By: Mark Rabo


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The Youth New Media Literacy Jam was five teams, 21 people (+awesome support folks), over three months, creating experimental new media experiences for youth ages 10-13. The projects reflect the eclectic mix of participants – from programmers to artists, psychologists to performers, filmmakers to camp counsellors – and explore interesting approaches to youth education and media production.

Project Egg Drop

Based on the classic (where students create containers to keep an egg from breaking when dropped from increasing heights), Project Eggdrop is a web platform for group work and peer-based learning.
The teacher poses a question to start the discussion; students then “cloudstorm” solutions, resources, and thoughts; all the while voting on submissions with the top ones moving on to further iteration. Throughout kids are creating media, discussing, debating, and learning. Best part is Project Eggdrop is designed to be flexible enough for serious curriculum-based questions like “Who should be the next Prime Minister and why?” to “What toppings should we order for Pizza Day?”

We Built This City

We Built This City is a scenario-based city construction board game for teaching city planning and environmentalism. Players collectively create the pieces, the board, and the rules using 3D printing, Lego blocks, or available home/classroom materials. They can also share their game variations and remix to create new ones. We Built This City can adapt to changing technologies or be played with none at all.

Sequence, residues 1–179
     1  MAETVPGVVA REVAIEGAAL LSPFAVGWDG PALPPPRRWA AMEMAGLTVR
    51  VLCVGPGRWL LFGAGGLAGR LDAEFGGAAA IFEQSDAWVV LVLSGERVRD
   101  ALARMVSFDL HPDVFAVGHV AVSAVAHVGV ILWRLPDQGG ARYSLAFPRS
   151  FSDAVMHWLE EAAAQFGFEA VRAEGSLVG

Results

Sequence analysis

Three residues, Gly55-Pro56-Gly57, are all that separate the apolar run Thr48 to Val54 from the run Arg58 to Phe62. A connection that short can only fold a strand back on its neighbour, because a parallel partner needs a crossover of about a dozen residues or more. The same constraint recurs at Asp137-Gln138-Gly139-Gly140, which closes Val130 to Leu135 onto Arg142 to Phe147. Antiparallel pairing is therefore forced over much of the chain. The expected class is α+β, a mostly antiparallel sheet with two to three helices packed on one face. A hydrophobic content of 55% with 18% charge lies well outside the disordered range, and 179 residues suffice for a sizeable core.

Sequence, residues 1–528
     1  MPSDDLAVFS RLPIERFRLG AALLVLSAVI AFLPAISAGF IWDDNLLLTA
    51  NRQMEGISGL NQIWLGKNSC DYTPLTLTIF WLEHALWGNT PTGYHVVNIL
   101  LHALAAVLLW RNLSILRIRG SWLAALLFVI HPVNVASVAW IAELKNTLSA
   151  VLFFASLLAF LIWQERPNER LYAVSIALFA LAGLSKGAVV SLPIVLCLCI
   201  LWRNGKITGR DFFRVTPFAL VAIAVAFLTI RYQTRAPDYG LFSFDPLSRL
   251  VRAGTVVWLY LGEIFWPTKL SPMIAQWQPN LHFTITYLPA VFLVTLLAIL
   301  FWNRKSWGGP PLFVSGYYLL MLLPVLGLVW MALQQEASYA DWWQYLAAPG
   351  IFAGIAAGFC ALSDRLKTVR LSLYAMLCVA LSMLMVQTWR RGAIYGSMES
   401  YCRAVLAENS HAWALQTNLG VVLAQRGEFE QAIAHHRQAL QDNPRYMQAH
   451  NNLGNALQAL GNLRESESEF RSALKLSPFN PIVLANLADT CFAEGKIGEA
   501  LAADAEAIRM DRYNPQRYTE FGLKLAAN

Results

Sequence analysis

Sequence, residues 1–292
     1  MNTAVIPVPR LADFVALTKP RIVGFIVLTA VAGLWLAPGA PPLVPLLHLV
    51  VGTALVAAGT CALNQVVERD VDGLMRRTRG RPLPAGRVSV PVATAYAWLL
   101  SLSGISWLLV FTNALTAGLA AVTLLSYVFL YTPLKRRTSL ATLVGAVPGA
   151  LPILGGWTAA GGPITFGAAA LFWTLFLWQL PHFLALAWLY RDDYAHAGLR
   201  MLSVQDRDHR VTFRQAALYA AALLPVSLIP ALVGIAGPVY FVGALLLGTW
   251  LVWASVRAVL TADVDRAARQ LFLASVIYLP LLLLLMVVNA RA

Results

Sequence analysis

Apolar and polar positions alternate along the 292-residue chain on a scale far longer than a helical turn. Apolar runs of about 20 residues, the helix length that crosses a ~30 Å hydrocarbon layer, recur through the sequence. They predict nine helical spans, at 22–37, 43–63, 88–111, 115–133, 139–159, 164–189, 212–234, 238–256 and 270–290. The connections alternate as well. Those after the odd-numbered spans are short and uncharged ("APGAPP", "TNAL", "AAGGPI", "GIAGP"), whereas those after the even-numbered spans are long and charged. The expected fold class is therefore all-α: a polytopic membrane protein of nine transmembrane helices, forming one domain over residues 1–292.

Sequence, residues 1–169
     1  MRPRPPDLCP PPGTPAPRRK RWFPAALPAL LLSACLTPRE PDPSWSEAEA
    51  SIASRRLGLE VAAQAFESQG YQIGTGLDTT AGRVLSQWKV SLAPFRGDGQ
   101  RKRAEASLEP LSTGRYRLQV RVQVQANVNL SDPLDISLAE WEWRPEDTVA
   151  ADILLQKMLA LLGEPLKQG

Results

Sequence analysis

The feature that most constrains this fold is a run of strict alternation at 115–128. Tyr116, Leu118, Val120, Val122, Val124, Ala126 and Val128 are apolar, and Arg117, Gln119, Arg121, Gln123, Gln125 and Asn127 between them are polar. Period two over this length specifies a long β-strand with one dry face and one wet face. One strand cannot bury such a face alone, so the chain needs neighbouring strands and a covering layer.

The NODE Project

Not all classrooms have access to technology and not all teachers know how to use it. The NODE Project is a platform where teams of skilled media makers armed with technology (cameras, computers, music and recording equipment, etc.) travel to classrooms and help kids create media and share it with other classes (Nodes). With a model that works inside any culture, Nodes on different continents could connect and share – imagine the experience of your classroom having a “sister homeroom” halfway around the world in China. Pretty cool.

NML Classroom

The NML Classroom is a course builder for history classes where teachers can assemble learning material and tools that immerse students into a particular era. Students create, act, share, and discuss around a particular time and place. Not only does this role-play develop a deeper understanding of the historical event but also the critical thinking skills that make them more informed citizens today.


Living and contributing in today’s world requires not only the ability to understand media but also create it. Unfortunately passive consumption is still encouraged which is where Remix4Kicks comes in.
Using tools like Mozilla’s Hackasaurus Remix4Kicks let’s kids get their feet wet as website creators. They remix existing websites (changing text, images, etc.) while learning coding fundamentals and having fun.


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